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Trump's potential comeback: Impact on precious metals markets

Trump's potential comeback

Many analysts believe that a significant "comeback" of former President Donald Trump is brewing in the United States. This potential return to the political forefront has generated considerable discussion and debate across various media outlets and among political commentators. Trump's polarizing figure continues to evoke strong emotions from both supporters and critics. His base sees him as a champion of conservative values and a disruptor of the political status quo, while his detractors view him as a divisive and controversial leader whose policies and rhetoric have often been contentious.

The anticipation of his possible re-entry into the presidential race has led to numerous speculations about the impact it could have on various sectors, including the economy, international relations, and the political landscape in general. Whether one likes him or not, one thing is certain – he is a candidate this year who cannot be ignored in the race for the presidential seat. His influence on the Republican Party and American politics at large remains strong, and his presence in the race is expected to bring significant media attention and public discourse.

Assuming for a moment that Trump becomes president – how will this affect the prices of precious metals? This question has intrigued economists, investors, and market analysts who are trying to forecast the potential economic outcomes of his possible second term. Precious metals like gold and silver are often seen as safe-haven assets during times of economic uncertainty and geopolitical instability. The policies and actions of a Trump administration could potentially create such conditions, prompting investors to flock to these metals as a hedge against market volatility. The previous administration's economic policies, which included tax cuts, deregulation, and trade wars, had a mixed impact on the markets, and similar approaches in a second term could have far-reaching consequences for the global economy and commodity prices.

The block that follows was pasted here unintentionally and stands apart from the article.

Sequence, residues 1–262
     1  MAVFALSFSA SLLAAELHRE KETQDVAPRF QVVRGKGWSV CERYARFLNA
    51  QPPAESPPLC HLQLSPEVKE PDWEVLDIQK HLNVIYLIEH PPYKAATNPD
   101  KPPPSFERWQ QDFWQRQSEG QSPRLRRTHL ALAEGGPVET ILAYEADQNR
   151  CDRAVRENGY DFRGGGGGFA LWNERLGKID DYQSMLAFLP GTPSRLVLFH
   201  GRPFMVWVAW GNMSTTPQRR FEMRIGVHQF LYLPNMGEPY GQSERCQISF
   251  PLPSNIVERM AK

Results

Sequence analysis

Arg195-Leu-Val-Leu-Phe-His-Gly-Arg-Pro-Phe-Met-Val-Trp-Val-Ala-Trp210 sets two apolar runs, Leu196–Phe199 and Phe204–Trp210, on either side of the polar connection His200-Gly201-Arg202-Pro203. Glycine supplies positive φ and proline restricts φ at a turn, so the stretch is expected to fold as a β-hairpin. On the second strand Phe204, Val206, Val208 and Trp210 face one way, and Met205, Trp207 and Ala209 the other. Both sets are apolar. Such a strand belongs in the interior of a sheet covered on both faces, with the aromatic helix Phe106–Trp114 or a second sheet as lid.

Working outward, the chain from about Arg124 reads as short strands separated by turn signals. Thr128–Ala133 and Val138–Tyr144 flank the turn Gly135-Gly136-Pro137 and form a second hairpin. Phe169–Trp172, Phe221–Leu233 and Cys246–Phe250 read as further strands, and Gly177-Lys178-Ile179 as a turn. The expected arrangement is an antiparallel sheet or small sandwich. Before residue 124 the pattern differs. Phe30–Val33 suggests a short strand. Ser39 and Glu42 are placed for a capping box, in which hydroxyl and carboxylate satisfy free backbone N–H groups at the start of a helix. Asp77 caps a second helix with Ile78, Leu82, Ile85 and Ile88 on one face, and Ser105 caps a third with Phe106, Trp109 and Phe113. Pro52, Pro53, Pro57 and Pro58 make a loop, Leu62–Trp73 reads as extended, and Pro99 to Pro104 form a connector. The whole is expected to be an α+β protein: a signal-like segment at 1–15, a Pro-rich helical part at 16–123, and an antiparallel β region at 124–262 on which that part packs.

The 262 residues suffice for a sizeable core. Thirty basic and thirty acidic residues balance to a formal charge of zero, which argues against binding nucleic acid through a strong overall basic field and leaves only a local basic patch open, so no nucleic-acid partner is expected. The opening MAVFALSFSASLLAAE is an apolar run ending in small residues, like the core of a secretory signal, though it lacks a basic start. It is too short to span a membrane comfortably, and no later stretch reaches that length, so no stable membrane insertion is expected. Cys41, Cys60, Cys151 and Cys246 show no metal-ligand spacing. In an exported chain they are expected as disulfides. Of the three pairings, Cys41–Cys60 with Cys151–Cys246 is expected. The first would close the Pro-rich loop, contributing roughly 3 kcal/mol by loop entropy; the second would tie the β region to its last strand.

Although the candidates for the U.S. presidential election have not yet been officially named, it currently looks like a race between the incumbent Joe Biden and his Republican rival Donald Trump. The political dynamics leading up to the election are complex, with various factions within both parties pushing for different candidates. Despite recent reports of a possible alternative to Joe Biden, it seems highly likely that the Republicans will send Donald Trump into the race.

The Democratic Party faces its own set of challenges, including addressing concerns about Biden's age and political stance while unifying the party's progressive and moderate wings. The Republican Party, on the other hand, is grappling with internal divisions between traditional conservatives and the more populist, Trump-aligned faction. The outcome of the primaries and the strategies adopted by both parties will significantly shape the election's narrative and voter turnout.

Assuming there are no major surprises – if Trump were to win the election, it would have consequences for the precious metals market, or at least that's what experts from Heraeus state in their latest "Precious Metals Report." The Heraeus report highlights several scenarios in which a Trump victory could lead to increased demand for gold and other precious metals. Investors might anticipate higher inflation, market instability, and geopolitical tensions, all of which typically drive up the prices of these commodities. Trump's unpredictable approach to governance and his focus on America-first policies could result in economic measures that disrupt global trade and investment flows, thereby increasing the allure of precious metals as a stable store of value.